David Chang tries Turkish
His new place doesn’t call itself a kebab joint but it certainly offers a little Turkish flavour to New York
David Chang has never been one for respecting national borders. The Korean-American chef grew up in Maryland, trained at the French Culinary Institute in New York, worked for a while in Japan, before returning to America to make his name with his Momofuku restaurants, serving, among other dishes, Japanese ramen noodle bowls and gua bao-style Chinese buns.
When he visited Massimo Bottura in Italy for his Netflix series Ugly Delicious, Chang teased Bottura by saying his tortellini were really little wontons in disguise; Massimo took the joke in good faith, but it’s clear that for Chang, taste respects no boundaries.
So what should we make of Bāng Bar, his new Turkish-kebab style venture in Columbus Circle, New York? Chang has described the venture as “bread made to order and meats you can slice in the moment, inspired by Lebanon, Turkey, the Middle East, Japan, Korea, and Mexico.”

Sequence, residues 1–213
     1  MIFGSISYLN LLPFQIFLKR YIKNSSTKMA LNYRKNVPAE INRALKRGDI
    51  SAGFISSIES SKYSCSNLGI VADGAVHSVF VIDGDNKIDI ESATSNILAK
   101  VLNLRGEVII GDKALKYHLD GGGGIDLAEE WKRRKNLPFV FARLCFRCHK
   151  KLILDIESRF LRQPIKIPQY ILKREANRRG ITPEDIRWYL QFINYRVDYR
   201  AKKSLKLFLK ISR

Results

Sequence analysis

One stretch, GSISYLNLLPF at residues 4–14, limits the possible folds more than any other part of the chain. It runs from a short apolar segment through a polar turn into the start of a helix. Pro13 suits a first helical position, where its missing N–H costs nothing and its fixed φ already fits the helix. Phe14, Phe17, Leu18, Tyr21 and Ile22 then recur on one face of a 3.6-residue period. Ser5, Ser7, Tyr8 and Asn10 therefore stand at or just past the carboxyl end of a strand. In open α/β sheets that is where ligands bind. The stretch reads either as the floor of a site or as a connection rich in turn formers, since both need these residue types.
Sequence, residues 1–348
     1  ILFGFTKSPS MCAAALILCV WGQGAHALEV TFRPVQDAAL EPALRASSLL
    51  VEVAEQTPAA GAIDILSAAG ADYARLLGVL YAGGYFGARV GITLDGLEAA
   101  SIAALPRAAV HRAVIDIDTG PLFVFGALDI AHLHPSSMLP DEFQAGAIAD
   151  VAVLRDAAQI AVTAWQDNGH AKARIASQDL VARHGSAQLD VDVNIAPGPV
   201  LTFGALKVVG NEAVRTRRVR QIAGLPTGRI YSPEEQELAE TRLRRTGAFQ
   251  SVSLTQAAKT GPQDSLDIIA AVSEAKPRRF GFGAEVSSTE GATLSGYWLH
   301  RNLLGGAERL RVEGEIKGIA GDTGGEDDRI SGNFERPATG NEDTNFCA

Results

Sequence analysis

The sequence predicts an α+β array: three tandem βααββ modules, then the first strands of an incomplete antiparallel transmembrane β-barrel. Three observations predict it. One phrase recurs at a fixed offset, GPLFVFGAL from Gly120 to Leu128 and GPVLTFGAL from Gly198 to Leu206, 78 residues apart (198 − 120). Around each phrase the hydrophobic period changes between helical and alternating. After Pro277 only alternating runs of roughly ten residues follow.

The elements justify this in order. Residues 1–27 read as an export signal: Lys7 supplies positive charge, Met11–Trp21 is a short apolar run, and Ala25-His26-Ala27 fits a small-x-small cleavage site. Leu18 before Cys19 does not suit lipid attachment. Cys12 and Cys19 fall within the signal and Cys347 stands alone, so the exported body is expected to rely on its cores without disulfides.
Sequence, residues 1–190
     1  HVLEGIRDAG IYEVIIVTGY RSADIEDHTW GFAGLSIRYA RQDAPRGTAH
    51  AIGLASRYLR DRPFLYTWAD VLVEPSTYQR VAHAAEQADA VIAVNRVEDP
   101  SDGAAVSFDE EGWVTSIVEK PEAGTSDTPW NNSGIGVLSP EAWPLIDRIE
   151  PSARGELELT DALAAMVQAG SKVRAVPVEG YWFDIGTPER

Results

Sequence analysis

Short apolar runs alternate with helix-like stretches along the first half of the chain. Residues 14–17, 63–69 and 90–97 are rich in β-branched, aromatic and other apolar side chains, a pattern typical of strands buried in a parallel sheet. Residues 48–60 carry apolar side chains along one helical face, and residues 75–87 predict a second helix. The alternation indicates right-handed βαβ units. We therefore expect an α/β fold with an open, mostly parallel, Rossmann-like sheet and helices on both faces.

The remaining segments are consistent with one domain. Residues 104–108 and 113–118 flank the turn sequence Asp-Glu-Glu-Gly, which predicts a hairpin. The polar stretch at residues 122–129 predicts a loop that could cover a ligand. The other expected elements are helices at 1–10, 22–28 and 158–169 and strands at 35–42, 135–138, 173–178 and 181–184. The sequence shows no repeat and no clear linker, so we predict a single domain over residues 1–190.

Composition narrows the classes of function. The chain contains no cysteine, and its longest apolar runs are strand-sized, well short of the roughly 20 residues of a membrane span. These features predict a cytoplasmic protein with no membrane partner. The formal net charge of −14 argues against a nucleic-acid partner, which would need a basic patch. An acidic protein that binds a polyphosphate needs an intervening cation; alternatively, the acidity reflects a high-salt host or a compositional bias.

He trailed the place on Instagram, by posting a rotating vertical spit of chicken meat, basted in yakitori sauce, and the national identifiers “🇺🇸 🇯🇵 🇹🇷 🇱🇧” for the US, Japan, Turkey and Lebanon.
The debt to Turkey seems most pronounced, with kebab-style pork and chicken meat cooked on an upright, skewer style rotisserie served in a flat bread (bāng means 'bread' in Korean). However, the American flavour creeps in too. In the New York Times recent review, restaurant critic Pete Wells reviewed the place, writing that he respects Bāng Bar’s creators for “realizing that the proper garnish for caramelized mortadella shavings is a slice of yellow American cheese and hot mustard.”
It seems like the great melting pot of New York has the kebab shop it deserves. Want to know more about Turkish food? For a deeper dive into Turkish cuisine, including plenty of kebab house specials, order a copy of The Turkish Cookbook.